Article 1 of the National Penitentiary Law provides that "the execution of punishment involving deprivation of freedom has as its aim the social rehabilitation of the prisoners. The prisons system shall use such preventive, curative, educational, scientific and other available measures as may be necessary to meet the needs of each specific case." Pursuant to this law, the system is divided into three progressive stages: observation, treatment and testing. Treatment is to include: guidance, socialization, a period prior to giving full trust and full trust. During the testing phase, offenders are allowed to leave the prison for short periods and are given limited privileges.
In 1993, the executive branch of the government of Argentina created by decree the Office of Penitentiary Ombudsman, "who has the task of protecting the human rights of the inmates in the Federal Penitentiary System."
The above history has been presented to show how it has been used to help create and guide the development of the National Penitentiary Policy. Following the pattern, on July 6, 1994, the executive branch of the government of Argentina created by decree, within the Ministry of Justice, the Office of the Secretary of Penitentiary Policy and Social Rehabilitation and gave it the following responsibilities:
* To provide assistance to the Ministry of Justice in the implementation of the penitentiary policy and reform and in the execution of punishment;
* To direct the studies and activities related to penitentiary problems, the penitentiary system and social rehabilitation policies;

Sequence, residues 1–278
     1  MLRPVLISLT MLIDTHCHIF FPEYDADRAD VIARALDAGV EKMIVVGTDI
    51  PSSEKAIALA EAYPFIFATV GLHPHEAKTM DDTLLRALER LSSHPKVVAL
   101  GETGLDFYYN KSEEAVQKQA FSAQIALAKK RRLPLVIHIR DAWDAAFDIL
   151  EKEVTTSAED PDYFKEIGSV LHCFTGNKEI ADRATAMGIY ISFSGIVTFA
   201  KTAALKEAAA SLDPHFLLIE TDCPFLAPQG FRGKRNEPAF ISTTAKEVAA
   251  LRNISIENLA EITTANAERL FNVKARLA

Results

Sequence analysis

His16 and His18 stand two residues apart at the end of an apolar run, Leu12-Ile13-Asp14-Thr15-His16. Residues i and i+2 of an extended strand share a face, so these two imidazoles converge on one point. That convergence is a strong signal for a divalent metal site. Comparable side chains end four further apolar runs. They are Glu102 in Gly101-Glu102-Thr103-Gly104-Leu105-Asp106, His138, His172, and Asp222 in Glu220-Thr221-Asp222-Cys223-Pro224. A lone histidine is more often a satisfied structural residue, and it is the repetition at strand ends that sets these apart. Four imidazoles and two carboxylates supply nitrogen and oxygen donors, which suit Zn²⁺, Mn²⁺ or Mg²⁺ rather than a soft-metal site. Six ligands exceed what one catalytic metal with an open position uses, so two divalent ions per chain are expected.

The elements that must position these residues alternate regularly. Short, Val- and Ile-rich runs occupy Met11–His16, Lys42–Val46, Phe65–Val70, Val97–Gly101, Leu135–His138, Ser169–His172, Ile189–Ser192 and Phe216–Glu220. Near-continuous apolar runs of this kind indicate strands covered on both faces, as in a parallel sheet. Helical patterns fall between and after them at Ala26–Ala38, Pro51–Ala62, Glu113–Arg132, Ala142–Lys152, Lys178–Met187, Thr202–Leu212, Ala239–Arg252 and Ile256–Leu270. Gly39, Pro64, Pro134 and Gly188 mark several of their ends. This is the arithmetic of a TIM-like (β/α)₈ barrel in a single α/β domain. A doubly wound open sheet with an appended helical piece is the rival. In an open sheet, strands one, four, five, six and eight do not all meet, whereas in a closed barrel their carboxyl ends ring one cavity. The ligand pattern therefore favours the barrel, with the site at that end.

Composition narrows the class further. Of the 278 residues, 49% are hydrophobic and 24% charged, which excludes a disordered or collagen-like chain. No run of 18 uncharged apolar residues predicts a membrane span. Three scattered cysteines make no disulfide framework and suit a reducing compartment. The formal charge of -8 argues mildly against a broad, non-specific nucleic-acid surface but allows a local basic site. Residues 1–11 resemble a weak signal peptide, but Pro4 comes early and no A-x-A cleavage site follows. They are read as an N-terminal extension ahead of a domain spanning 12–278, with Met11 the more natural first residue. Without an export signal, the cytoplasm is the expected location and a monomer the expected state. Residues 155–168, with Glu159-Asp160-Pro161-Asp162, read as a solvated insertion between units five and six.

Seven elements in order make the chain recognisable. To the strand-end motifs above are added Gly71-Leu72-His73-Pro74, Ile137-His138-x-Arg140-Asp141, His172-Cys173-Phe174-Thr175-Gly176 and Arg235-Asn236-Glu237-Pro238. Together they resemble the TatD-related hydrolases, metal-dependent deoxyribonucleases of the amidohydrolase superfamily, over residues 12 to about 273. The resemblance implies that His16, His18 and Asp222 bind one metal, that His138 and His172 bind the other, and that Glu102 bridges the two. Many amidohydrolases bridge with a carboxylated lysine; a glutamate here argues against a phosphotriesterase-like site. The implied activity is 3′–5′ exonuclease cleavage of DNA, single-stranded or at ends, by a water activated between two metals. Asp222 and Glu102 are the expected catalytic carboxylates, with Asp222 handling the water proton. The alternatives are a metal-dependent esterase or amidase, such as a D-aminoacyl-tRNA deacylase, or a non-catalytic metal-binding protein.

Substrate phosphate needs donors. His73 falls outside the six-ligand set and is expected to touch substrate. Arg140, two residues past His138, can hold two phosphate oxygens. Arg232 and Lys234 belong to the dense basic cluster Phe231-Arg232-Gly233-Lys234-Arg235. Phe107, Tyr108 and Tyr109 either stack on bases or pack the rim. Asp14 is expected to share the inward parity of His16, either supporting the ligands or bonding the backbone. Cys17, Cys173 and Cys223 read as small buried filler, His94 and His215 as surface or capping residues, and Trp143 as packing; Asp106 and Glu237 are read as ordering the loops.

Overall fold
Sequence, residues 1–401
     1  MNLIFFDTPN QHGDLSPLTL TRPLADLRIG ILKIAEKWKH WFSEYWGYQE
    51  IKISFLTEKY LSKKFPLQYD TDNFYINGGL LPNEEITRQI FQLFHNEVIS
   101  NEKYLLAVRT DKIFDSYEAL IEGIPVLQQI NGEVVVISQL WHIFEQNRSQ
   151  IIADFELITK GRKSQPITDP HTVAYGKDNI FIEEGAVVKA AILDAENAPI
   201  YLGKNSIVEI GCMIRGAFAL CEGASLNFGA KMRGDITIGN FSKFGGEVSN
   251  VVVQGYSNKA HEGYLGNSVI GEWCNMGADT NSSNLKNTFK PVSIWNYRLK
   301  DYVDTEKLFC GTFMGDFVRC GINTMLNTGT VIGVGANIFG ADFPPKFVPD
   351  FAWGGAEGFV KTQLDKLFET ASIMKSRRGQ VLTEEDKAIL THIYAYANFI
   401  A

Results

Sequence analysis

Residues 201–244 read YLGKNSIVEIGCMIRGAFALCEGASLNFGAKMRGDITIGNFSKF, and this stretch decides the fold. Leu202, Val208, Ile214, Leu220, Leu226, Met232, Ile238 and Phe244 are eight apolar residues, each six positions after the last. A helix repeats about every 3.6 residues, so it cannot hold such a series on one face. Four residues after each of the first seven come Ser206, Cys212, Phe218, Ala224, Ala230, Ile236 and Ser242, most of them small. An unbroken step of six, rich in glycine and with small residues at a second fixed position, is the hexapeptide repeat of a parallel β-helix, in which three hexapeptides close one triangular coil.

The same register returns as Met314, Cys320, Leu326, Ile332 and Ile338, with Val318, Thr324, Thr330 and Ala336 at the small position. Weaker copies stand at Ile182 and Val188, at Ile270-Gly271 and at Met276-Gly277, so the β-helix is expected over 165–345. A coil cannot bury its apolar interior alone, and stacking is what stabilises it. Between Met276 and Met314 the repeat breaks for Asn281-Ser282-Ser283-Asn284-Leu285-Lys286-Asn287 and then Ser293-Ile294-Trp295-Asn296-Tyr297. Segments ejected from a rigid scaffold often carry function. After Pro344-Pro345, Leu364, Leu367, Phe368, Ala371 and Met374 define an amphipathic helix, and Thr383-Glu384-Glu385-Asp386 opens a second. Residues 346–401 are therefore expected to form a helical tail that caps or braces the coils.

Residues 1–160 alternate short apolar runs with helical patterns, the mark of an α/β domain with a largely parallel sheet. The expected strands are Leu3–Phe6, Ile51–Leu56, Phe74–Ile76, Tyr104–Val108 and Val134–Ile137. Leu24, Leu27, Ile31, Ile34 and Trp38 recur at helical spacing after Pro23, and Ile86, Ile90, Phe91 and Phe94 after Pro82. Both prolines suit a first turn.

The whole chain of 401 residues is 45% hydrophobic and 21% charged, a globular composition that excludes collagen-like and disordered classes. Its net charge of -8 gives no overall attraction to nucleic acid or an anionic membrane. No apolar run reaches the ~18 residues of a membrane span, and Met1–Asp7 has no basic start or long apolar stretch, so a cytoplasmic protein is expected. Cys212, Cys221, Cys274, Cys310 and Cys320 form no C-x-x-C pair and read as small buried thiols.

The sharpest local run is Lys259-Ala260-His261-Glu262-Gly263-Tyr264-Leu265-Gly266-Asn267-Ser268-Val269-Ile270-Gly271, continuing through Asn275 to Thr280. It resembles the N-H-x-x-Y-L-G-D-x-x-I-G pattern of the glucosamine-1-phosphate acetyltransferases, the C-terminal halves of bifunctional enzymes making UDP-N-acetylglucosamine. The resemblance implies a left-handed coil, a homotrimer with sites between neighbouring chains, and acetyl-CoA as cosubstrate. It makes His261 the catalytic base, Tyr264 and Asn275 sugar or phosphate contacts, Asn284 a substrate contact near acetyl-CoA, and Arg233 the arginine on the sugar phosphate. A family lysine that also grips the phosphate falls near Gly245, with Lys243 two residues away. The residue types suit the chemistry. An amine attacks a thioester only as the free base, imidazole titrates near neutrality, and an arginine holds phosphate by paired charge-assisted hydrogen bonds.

* To assist the Ministry in drafting the laws that the Ministry may consider necessary in the area of criminal procedure, criminal execution and criminology;
* To act as a liaison between the Ministry of Justice, the National Directorate of the Federal Penitentiary Service and the penitentiary services in the provinces;
* To foster the operations of governmental and private organizations that sponsor released inmates and their activities related to the treatment of these individuals in society;
* To supervise cases of amnesty and commutation of sentences;
* To foster the development of common policies with neighboring countries in the area of execution of punishment; and
* To foster joint activities with international, regional, national and provincial institutions in the field of research, training, in-service training, and specialized studies in penitentiary and social rehabilitation matters.
Next month, Part 3 will describe the current correctional system in Argentina and will provide a review of the history of Argentine corrections. It also will demonstrate how a careful review of that history was used in the development of the Executive Plan for the National Penitentiary Policy.
Gary Hill is president of CEGA Services Inc. and chairman of ACA's International Relations Committee.
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|Date:||Oct 1, 2000|